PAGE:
Signal lines 80 and 82 extend respectively from the gas meter sensor line 50A and 50B to pins P1-1 and P1-0 of the microprocessor 62. These signal lines are designed such that at all times during the sampling time they will be of opposite polarities. Thus, if the connections are tampered with whereby one line is either shorted to the other or disconnected, the polarities of the two signal leads will not be different all the time. This mechanism is used to detect any disconnection or tampering of the connection from the meter sensor to the RDU. The RDU is disposed in a sealed housing, the opening of which causes a signal lead to be disconnected. The existence of the same polarity for each signal will cause the RDU to alert the UDP that repair and correction of the sensor means are necessary.
As can be seen from FIG. 4, the signal lines 84 and 86 extend respectively from the electric meter sensor lines (not shown) in the same way signal lines 80 and 82 do from the gas meter lines and connect to pins P1-4 and P1-5 to provide tamper detection in the same way. Similarly, line 53 and circuit 90 are provided to reset the microprocessor circuitry.
The microprocessor 62 is the Central Control Unit (CCU) of the system and has program memory as well as data memory, and is used to provide all the intelligence necessary for the control of the entire unit. The processor 62 itself has the ability to get into idle as well as power-down mode for the sake of power conservation.
The circuitry in which the clock and calendar are arranged includes switch means within the microprocessor 62 to close a circuit with the power input line 118 to the microprocessor The system requires power and uses power only for the following functions:
(a) set clock and calendar;
(b) record sensor pulse; and
(c) transmit or be available to transmit to the UDP at Answer Time ("Answer Window") or report time.
As seen again in FIG. 5 the signals from the meter sensors are delivered to the microprocessor 62 for accumulation of the usage totals and to monitor any tampering of the meter sensors. In addition, the microprocessor 62 is used to implement the other tasks of the system as will be described.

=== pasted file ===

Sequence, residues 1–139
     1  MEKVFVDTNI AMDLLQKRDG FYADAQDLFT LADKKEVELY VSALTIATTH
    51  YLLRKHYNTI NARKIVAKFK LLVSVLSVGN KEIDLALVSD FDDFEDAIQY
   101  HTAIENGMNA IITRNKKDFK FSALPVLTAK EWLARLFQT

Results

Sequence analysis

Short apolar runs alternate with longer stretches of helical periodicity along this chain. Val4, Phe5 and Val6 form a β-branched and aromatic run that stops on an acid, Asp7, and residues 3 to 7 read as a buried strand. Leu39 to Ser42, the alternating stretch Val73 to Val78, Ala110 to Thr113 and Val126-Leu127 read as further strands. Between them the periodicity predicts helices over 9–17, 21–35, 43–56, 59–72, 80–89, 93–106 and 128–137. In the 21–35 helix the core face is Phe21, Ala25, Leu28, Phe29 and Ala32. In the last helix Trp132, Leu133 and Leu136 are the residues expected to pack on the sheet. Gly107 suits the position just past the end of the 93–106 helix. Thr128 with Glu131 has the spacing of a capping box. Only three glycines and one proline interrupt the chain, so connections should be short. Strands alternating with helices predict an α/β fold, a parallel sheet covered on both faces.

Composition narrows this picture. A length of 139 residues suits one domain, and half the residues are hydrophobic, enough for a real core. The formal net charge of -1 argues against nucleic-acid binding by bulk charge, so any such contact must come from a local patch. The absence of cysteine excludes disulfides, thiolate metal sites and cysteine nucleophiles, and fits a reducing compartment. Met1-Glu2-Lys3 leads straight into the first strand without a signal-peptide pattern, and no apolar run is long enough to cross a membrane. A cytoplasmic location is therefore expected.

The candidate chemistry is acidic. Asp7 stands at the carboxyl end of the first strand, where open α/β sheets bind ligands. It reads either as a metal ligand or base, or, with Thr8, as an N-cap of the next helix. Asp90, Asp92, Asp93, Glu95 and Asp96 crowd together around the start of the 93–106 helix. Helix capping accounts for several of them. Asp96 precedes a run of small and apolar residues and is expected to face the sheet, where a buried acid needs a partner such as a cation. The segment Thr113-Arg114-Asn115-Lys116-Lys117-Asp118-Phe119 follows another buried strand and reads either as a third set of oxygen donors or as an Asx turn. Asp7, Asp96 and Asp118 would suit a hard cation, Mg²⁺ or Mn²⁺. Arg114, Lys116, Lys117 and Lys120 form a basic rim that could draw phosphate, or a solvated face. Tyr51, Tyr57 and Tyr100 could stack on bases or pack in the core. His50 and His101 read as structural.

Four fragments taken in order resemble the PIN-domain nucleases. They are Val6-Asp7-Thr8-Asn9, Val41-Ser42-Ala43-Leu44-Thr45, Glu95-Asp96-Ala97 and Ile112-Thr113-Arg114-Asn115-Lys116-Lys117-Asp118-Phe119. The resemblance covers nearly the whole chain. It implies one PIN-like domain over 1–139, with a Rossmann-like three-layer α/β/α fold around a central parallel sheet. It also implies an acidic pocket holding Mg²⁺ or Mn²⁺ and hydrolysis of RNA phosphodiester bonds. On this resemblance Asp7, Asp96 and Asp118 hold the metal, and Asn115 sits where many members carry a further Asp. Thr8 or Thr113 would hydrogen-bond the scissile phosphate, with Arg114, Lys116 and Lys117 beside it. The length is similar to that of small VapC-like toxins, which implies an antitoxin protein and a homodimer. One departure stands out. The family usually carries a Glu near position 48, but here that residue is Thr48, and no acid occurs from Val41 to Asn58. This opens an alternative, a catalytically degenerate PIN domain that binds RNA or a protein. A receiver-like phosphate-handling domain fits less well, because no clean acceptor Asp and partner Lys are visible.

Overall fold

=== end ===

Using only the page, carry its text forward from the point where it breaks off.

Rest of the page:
The timing pulse generator 56, seen in FIGURES 3 and 5 is used to produce a pulse also of 22 milliseconds at an accurate frequency and is connected to the microprocessor 62 by lines 92 and 94. The pulse is generated every 32 seconds to cause a reset of the microprocessor 62 which uses the timing pulse to update an internal time-of-day clock and calendar. The timing pulse generator 56 is powered by the battery 61 through line marked "+5". The power of the order of micro watts, delivered from the battery 61 through the line marked "+5" to the pulse generator 56 is shaped into an outpulse pulse of 22 milliseconds. The signal is delivered through line 94 to the microprocessor 62 to add the 32 second increment to the time-of-day clock and calendar.
The clock and calendar in the microprocessor 62 serve to alert the system of the occurrence of a report time (which occurs once every billing cycle) and the "answer window" (which occurs once every day). The report times may be programmed into the RDU at the time of installation or by the UDP during communication therewith. During the report time, the RDU calls the UDP and transmits the monthly information embedded in a proprietary protocol to the UDP. During the "answer window" each day the RDU is awakened and alerted to receive a call from the UDP. When the "answer window" is open, the relay K1 (FIG. 6) is in the ON HOOK position unless transmission of utility data is occurring. Thus, removal of a telephone receiver at the user promises during the "answer window" during data transmission will energize the relay to open to the ON HOOK position and disable the "answer window". Any call that comes to the RDU during the "answer window" will be accepted immediately within twenty microseconds before the phone bell is actuated and will receive an answer from the RDU that requests login information. If the login information and password are not conveyed to the RDU, the RDU will terminate the call. This procedure requires only a few milliseconds. If the proper login and password are given to the RDU, the RDU will transmit the desired information. The details of the procedure are described more fully below.